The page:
LS sent an email around to see if anyone was interested in kayaking at Drakes Estero near Point Reyes. It had been months since Mr. K and I had paddled, so we eagerly signed up, along with P and DDR. Our guides were very experienced and we were led by Michael, a dashing swashbuckler, replete with a large intriguing jewelry and antique looking leather boots (leather boots in salt water and sand? seriously?)… The day was mostly cloudy, occasionally bright with a few really nice sunny periods and very little wind.
We paddled a total of 8 or so miles round trip and saw numerous pelicans, endless eel grass beds, one bat ray, and no leopard sharks. We were followed by many harbor seals, who would surface nearby, peering at us with their mysterious dark eyes, then disappear back into the water. Our take off and landing point was behind the Drake’s Bay Oyster Farm, where we could see a group of people in rubber wading pants and aprons hard at work.
I’m not sure if this fellow was taking things in or out, but he schlepped back and forth throughout the day.
After we got back onto dry land and watching the interesting oyster operation in the back, we all were thinking about oysters. We stopped off at the little onsite store, Drakes Bay Oysters and had a half dozen.
They had a very utilitarian/high volume tub of condiments, including bottled lemon juice and a delicious spicy cocktail sauce in a squeeze bottle.
The oysters were sweet and creamy and really good with the thick spicy sauce, but someone had a hankering for kumamotos.
We opted to drive back to the mainland and head north towards Tomales Bay so that we could go to the highly regarded Hog Island Oyster Company. I have enjoyed dining at their fine oyster bar at the SF Ferry Building many times, which has an excellent happy hour and outside dining area. There was a big limo parked in front which gave it a jaunty air, but no celebrities present that we could see.
We walked into a courtyard where they have a stand selling oysters and clams.
We ended up buying one bag of 50 Kumamotos and another of 50 extra small Sweetwaters.
They were selling manila clams but we had our hands full. Next time though… they were beautiful.
They had a little container of limids and tiny mussels that they pulled off of the oysters during the day and return to the ocean that night. I like that they make that effort!
We attempted to bring our bounty to the picnic tables in their back patio, but were told that it was either full and/or about to close and that we had to go elsewhere. Awww, that was disappointing as it was getting dark, and it would have been so easy…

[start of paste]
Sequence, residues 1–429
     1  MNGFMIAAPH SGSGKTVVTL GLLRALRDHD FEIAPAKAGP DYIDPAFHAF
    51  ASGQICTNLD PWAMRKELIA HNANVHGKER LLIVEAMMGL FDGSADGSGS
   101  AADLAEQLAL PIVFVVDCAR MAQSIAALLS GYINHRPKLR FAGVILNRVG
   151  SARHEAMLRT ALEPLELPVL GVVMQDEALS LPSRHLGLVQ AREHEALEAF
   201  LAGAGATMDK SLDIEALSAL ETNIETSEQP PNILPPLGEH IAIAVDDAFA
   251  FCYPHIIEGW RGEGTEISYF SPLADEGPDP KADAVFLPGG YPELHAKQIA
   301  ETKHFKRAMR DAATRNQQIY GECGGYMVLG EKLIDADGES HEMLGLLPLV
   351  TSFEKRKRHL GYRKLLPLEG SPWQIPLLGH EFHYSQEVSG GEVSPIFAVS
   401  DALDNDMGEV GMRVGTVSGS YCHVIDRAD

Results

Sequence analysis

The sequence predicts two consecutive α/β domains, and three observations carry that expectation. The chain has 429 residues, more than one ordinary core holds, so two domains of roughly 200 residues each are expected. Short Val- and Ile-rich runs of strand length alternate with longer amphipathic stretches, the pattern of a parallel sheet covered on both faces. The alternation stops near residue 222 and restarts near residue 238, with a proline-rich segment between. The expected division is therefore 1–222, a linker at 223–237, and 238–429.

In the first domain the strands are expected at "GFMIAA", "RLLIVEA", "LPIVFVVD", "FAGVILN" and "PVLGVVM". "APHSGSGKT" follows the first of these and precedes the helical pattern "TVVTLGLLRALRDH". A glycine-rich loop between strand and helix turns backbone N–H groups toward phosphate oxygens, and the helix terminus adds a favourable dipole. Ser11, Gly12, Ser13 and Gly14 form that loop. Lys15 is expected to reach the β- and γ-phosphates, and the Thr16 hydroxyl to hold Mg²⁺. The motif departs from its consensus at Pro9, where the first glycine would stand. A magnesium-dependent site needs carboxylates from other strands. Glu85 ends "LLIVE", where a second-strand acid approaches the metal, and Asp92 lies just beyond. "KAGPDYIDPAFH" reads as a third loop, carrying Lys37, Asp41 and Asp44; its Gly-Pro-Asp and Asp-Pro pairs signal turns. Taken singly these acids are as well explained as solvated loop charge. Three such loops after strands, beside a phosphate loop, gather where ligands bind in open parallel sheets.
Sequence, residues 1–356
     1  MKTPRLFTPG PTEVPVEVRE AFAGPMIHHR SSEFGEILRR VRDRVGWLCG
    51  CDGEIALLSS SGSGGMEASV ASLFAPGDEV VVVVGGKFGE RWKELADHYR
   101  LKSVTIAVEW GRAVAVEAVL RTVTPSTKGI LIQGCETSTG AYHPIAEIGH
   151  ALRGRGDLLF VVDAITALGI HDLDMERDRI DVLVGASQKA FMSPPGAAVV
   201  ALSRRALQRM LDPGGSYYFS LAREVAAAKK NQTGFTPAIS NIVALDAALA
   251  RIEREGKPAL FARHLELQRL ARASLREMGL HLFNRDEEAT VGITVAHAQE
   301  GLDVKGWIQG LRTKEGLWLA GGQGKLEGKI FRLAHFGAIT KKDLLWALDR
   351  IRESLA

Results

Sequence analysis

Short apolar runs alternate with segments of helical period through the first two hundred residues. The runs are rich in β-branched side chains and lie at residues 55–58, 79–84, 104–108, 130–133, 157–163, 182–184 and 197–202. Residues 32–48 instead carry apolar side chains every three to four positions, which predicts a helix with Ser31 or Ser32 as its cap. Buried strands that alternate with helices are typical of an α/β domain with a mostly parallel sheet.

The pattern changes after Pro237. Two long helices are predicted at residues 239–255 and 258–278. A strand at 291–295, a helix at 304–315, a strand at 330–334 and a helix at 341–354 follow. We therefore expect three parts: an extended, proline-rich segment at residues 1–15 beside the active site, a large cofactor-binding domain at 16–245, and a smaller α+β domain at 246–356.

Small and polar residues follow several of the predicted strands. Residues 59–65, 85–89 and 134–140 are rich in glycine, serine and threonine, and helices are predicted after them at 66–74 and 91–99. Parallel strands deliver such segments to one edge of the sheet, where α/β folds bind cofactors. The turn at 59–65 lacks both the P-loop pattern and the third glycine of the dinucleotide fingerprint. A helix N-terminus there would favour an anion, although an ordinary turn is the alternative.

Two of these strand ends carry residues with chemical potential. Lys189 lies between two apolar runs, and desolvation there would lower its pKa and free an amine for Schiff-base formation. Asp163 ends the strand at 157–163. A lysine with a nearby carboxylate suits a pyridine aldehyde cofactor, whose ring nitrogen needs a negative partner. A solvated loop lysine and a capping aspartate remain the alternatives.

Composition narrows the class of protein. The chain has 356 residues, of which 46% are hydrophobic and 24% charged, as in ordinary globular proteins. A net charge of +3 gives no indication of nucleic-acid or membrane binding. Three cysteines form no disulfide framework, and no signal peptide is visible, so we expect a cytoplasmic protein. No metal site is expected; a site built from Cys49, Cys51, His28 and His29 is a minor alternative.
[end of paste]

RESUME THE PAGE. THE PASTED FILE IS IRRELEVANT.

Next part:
They directed us a few miles south to another oyster shack that had a picnic area with BBQ grills and we grabbed an open picnic table with a very nice view.
Here is the inaugural first oyster shucked by DDR. A real beauty.
Fortunately DDR, P and Mr. K were all eager to try their hands at shucking the oysters, which meant I could sit there taking pictures and eat while they toiled away. DDR brought the most delicious bag of Frito’s Chili Cheese snacks that went very well with our meal.
We also enjoyed some sliced bread baked with roasted garlic and butter.
Our rustic presentation. The space between the planks of the picnic tables was perfect to line up the opened oysters.
We had the most sumptuous feast. Here is an oyster with lemon, fresh cracked black pepper and a couple drops of tabasco.
And another one dressed with Hogwash, which I made using the recipe from the Hog Island Oyster Co.’s website. It is basically a mignonette with minced coriander, jalapeno and shallot and is the most delicious thing ever on oysters and seafood!
Strangely enough, none of these picnic areas were selling any conveniences such as plates, forks or paper towels. Having somehow assumed that we would be magically provided with these items, I didn’t think to bring them. Therefore, we dined directly on the wooden picnic tables and ate with our hands. I did bring the following necessities:
oyster shucking knife, one kitchen towel, the tail end of a roll of paper towels that immediately was used up, 3 lemons, knife to cut lemon, tabasco, hogwash, pepper grinder, bread, butter and knife.
With these basic utensils, we dined very well indeed.
It started to get dark, a little chilly, and all of the oysters were eaten so we packed everything up and hosed ourselves off at the convenient foot pump sinks by the port-o-let. We guiltily noticed that the guys at the shack were standing around politely waiting for us to leave…
What a fabulous way to spend the day. We made plans to come back soon for more oysters and a hike around Drakes Estero… Hopefully we can snag one of those picnic tables at Hog Island if we get there earlier and try our hand at steaming the manila clams on the grill.